Google Research

Shape Displays: Spatial Interaction with Dynamic Physical Form

  • Daniel Leithinger
  • Sean Follmer
  • Alex Olwal
  • Hiroshi Ishii
IEEE Computer Graphics and Applications, vol. 35 (2015)


Shape displays are a new class of I/O devices that dynamically render physical shape and geometry. They allow multiple users to experience information through touch and deformation of their surface topology. The rendered shapes can react to user input or continuously update their properties based on an underlying simulation. Shape displays can be used by industrial designers to quickly render physical CAD models before 3D printing, urban planners to physically visualize a site, medical experts to tactually explore volumetric data sets, or students to learn and understand parametric equations.

Previous work on shape displays has mostly focused on physical rendering of digital content to overcome the limitations of single-point haptic interfaces—examples include the Feelex and Lumen projects. In our research, we emphasize the use of shape displays for designing new interaction techniques that leverage tactile spatial qualities to guide users. For this purpose, we designed, developed, and engineered three shape display systems that integrate physical rendering, synchronized visual display, shape sensing, spatial tracking, and object manipulation. This enabling technology has allowed us to contribute numerous interaction techniques for virtual, physical, and augmented reality, in collocated settings as well as for remote collaboration.

Our systems are based on arrays of motorized pins, which extend from a tabletop to form 2.5D shapes: Relief consists of 120 pins in a circular tabletop, a platform later augmented with spatial graphics for the Sublimate system. Our next-generation platform, inFORM renders higher resolution shapes through 900 pins (see Figure 1). The Transform system consists of 1,152 pins embedded into the surface of domestic furniture. To capture objects and gestures and to control visual appearance, we augment the shape displays with overhead depth-sensing cameras and projectors.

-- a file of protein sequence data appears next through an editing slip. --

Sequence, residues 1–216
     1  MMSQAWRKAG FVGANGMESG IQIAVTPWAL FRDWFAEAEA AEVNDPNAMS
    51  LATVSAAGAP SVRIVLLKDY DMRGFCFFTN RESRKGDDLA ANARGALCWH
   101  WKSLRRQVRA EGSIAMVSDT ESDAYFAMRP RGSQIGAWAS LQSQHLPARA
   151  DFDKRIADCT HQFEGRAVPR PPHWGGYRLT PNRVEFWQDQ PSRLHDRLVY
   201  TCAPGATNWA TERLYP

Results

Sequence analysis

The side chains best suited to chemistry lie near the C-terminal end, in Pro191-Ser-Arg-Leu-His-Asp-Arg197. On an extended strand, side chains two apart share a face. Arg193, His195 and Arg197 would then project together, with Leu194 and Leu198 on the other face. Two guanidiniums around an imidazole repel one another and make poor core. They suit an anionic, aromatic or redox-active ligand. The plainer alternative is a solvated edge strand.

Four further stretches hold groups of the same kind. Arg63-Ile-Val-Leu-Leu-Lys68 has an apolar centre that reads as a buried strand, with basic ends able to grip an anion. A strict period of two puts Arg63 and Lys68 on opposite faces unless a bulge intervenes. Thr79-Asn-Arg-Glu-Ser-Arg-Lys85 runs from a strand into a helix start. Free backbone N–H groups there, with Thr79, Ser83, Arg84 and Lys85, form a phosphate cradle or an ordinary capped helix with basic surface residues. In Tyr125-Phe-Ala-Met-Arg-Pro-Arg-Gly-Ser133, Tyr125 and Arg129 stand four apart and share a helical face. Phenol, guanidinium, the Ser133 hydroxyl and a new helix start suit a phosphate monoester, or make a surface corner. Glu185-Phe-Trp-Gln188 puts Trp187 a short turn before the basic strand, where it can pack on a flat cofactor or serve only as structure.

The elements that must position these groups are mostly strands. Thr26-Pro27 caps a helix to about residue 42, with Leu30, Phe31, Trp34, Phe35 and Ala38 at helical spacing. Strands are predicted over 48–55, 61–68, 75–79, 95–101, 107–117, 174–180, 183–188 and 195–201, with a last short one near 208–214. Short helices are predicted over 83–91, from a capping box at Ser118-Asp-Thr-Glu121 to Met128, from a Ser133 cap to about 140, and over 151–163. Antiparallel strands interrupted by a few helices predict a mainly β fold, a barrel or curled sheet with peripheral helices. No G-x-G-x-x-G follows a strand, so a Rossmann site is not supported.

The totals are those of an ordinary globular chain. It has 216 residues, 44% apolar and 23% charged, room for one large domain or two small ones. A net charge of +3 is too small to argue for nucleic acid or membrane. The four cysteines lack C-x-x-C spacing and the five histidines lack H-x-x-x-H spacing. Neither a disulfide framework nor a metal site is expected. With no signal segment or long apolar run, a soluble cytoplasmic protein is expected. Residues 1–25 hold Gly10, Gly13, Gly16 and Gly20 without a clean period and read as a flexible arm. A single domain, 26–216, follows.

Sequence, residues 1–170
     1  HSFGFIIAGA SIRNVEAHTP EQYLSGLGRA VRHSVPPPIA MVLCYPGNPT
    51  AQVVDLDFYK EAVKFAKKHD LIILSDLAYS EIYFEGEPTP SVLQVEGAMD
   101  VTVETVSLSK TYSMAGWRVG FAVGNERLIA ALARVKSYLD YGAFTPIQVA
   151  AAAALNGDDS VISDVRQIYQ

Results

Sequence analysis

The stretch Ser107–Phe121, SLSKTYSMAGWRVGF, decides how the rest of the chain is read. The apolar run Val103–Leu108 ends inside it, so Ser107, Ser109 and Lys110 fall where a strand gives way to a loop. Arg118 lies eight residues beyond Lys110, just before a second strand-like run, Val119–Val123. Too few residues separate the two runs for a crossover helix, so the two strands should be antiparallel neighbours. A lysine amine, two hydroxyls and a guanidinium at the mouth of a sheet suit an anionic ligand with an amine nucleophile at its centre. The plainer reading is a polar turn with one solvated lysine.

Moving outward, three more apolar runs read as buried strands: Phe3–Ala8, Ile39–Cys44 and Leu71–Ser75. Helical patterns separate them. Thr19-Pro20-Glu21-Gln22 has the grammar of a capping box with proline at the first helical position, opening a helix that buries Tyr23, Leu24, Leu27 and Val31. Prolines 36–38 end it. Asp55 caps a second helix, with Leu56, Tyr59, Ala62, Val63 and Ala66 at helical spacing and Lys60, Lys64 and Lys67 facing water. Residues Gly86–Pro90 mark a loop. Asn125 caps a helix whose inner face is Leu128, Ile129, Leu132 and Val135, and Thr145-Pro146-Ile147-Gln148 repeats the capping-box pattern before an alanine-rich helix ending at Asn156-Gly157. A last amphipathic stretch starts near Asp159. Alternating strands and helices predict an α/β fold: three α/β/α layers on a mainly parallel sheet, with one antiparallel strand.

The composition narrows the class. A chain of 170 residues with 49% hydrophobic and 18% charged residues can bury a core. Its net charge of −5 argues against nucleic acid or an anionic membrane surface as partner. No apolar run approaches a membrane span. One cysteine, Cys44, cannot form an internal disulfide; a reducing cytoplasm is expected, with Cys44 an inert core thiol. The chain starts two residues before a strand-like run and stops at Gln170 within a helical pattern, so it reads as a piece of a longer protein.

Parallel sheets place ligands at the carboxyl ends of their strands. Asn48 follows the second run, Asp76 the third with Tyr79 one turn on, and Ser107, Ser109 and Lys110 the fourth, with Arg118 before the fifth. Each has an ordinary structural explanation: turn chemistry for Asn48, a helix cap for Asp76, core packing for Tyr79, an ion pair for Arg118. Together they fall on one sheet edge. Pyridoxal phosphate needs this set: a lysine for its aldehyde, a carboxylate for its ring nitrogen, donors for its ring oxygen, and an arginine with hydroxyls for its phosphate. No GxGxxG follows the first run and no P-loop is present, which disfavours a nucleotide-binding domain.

In this article, we wish to introduce readers to some of the exciting interaction possibilities that shape displays enable beyond those found in traditional 3D displays or haptic interfaces. We describe new means for physically displaying 3D graphics, interaction techniques that leverage physical touch, enhanced collaboration through physical telepresence and unique applications of shape displays. Our current shape displays are based on prototype hardware that enabled us to design, develop, and explore a range of novel interaction techniques. Although the general applicability of these prototypes are limited by resolution, mechanical complexity, and cost, we believe that many of the techniques we introduce can be transferred to a range of special-purpose scenarios that have different sensing and actuation needs, potentially even using a completely different technical approach. We thus hope that our work will inspire future researchers to start considering dynamic physical form as an interesting approach to enable new capabilities and expressiveness beyond today’s flat displays.

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